Well, the last couple of months have seen a few changes on my PC side (my faithful Mac laptop is waiting for that G4 upgrade :) ) OK, so what have I done?
Why the upgrades?
Well, several reasons - changing requirements, there sheer techno-fetishism of it all, and also because I'm building a 'B' machine for family use. (Nice excuse to go to Akihabara and look at the toys.)
I always knew 64MB wasn't enough, certainly for WinNT, and sometimes for Linux. OK, Win9x tends to ignore anything above 64Megs, but since I often try different systems, and because it was cheap, I thought I'd put a bit more in.
The Sonic Impact S90 is a great, cheap card, and my replacing it is more to do with building the 2nd machine than it's quality. However, many Linux distributions don't like it, as it's Soundblaster emulation isn't exact enough. However, it works great with Win9x, and it's A3D sounds great in those games which support it. The new card, a Soundblaster Live! Value, is another cheap n' chearful card, using Creative's EAX 3D sound technology. This is a fine sound card, well supported in games, which give a nice fat sound. It also has digital out as well as all the MIDI whistles we expect. As always, my favourite game, Myth 2 (M2), is used as a testbed, and to be honest, this new card sounds better than the old one, although I think Aureal's 3D is a little more convincing.
If you want a good 2D Windows card, the odd Quicktime file, then you need an ATI (or a Matrox maybe). If you want games, and something a little funkier, better look elsewhere. As a new range of graphics cards are about to be unleashed, it's a good time to get a cheaper older one. I picked up a 32MB Elsa Erazor X based on NVidia's GeForce 256 graphics chip-set. It is awesome. Believe it or not, on my meagre 333MHz Celeron, and the old card, Direct-3D Myth 2 got about 10 fps (20 in software)...this thing gives me 40fps in the highest res. Nice. However, when playing Myth, I use the NVidia standard drivers, as the Elsa ones kept crashing the game. I should say though, that the new card's Windows performace is better too, and it's quicktime is great.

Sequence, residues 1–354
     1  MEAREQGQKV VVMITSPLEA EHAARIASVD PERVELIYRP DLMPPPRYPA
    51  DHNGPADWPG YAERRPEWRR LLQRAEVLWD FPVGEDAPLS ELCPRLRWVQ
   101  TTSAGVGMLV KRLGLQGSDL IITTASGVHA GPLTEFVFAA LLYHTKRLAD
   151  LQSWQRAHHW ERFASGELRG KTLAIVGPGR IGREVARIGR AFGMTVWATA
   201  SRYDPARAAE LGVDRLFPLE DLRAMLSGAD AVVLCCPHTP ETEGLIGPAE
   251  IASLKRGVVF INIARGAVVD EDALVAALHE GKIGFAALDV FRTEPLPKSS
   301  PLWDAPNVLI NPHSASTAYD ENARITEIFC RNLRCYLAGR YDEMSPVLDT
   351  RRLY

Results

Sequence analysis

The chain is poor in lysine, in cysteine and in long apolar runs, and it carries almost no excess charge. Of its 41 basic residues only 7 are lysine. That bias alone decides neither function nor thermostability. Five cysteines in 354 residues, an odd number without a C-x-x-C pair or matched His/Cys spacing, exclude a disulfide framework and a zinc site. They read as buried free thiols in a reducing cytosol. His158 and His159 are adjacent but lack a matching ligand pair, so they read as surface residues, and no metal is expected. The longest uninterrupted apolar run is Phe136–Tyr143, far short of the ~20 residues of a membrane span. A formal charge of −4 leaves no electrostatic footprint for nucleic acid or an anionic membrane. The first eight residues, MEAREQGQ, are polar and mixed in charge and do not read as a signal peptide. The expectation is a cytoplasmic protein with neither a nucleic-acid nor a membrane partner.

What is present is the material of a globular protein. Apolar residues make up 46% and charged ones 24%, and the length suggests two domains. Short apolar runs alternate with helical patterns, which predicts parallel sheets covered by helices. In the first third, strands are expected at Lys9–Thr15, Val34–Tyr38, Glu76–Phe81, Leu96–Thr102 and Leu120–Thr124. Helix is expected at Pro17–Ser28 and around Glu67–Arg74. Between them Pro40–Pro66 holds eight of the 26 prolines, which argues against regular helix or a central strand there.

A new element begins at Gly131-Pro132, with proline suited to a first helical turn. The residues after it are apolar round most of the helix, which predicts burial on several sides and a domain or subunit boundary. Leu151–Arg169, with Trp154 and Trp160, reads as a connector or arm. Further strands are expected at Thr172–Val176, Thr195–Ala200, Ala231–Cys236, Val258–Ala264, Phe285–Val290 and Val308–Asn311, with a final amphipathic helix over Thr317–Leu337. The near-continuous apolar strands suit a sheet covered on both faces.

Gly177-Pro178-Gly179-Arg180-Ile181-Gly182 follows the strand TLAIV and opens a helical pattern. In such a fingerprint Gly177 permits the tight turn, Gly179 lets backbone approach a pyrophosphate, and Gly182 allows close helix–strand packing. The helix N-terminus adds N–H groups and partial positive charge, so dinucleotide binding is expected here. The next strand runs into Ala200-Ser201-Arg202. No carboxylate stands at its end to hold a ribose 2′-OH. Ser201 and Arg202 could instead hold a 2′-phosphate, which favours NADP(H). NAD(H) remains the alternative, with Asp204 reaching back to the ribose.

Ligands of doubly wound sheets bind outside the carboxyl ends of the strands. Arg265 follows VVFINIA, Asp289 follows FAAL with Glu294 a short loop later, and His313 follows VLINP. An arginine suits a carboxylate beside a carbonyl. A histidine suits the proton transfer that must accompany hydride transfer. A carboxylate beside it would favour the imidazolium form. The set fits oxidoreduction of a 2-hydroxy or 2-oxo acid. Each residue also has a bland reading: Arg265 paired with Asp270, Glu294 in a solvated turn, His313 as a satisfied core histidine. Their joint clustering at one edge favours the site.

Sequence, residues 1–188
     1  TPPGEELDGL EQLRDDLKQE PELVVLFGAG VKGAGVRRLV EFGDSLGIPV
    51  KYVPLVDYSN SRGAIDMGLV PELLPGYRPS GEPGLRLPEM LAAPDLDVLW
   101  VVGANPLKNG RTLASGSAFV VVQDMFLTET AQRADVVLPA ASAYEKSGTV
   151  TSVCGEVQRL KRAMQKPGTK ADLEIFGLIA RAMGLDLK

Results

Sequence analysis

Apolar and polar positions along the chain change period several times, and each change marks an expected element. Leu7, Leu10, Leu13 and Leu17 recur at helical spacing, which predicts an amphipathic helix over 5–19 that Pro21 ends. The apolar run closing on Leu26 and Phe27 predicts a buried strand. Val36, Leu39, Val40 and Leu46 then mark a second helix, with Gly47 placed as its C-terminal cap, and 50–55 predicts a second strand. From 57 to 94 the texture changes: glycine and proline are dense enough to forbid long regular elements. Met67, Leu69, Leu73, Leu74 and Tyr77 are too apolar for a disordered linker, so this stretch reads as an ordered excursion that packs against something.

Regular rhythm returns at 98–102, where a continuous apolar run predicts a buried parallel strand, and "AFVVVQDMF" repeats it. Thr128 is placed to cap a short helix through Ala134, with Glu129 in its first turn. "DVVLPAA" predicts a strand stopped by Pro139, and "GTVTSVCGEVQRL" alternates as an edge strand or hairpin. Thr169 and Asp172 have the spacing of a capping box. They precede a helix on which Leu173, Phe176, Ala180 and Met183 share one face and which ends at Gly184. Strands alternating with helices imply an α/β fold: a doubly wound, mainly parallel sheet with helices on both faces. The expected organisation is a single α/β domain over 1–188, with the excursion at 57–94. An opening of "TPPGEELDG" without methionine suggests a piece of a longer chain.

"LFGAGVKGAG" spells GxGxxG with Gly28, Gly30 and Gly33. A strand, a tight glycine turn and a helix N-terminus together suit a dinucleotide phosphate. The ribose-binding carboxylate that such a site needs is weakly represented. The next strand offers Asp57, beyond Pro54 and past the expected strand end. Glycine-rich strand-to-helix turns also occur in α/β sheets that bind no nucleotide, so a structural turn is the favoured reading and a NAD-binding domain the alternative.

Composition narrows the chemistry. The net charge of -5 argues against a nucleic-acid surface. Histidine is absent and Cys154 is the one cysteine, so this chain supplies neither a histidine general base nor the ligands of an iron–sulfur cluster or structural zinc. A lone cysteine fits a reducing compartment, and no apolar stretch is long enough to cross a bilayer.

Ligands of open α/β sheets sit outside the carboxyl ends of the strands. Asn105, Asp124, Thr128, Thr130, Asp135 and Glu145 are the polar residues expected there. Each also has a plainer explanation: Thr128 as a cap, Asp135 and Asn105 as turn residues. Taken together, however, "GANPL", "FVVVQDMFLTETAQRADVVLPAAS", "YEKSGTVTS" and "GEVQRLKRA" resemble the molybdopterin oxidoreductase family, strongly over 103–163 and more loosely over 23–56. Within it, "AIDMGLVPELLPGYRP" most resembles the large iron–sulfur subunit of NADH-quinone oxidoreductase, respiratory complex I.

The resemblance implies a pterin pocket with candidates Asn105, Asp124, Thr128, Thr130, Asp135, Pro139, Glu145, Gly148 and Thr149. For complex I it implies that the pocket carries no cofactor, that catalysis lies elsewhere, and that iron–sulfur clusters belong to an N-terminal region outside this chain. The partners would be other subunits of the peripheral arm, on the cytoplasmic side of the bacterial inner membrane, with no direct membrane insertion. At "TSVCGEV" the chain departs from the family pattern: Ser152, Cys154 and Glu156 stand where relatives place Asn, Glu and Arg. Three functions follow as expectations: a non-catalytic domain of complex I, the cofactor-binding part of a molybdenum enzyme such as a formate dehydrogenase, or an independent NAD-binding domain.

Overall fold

It's always good to keep those driver's updated: I changed my sound and graphics on install. If you're looking for new drivers, check out :www.winfiles.com for PC, and the ever cool www.versiontracker.com for Mac. So, I upgraded the sound drivers, the graphics card, my ISDN terminal adapter (noticeable decrease in connection time).
Great for storing 650 mins of MP3 music, and great for backing up stuff. Just generally great. I picked up this Panasonic drive for about 12,000-en. A pretty good deal. Works with Win98SE no problems too. It's also suprising how useful it is to have 2 CDROMs...
It sounds scary, but often people don't upgrade their BIOS and miss out on new features and bug fixes. This update from Abit allows the use of faster CPUs and increased sized hard drives. It's worthwhile and usually just involves using a boot disk, running an .exe. file and re-starting. I think that's all the upgrading for the time being. I think the next thing will be a new motherboard/CPU upgrade to take a P3 or Athlon...not till winter though! My only concearn right now is power. My current PSU only supplies 230W and I think everything I've got right now might push that pretty hard, so maybe I'll buy a cheap PSU and case next month.
We can always have a good laugh at PC specs and prices from decades past, but this was fairly balanced I suspect for the time. Ah, VersionTracker, I used to check that thing every day until RSS and in-application updaters were a thing. I have fond memories of that first GForce, if only because it was indeed my first gaming card. I want to say there was a DDR version. Mine wasn't that. Also, that obsession with BIOS updates would take a long time to abate...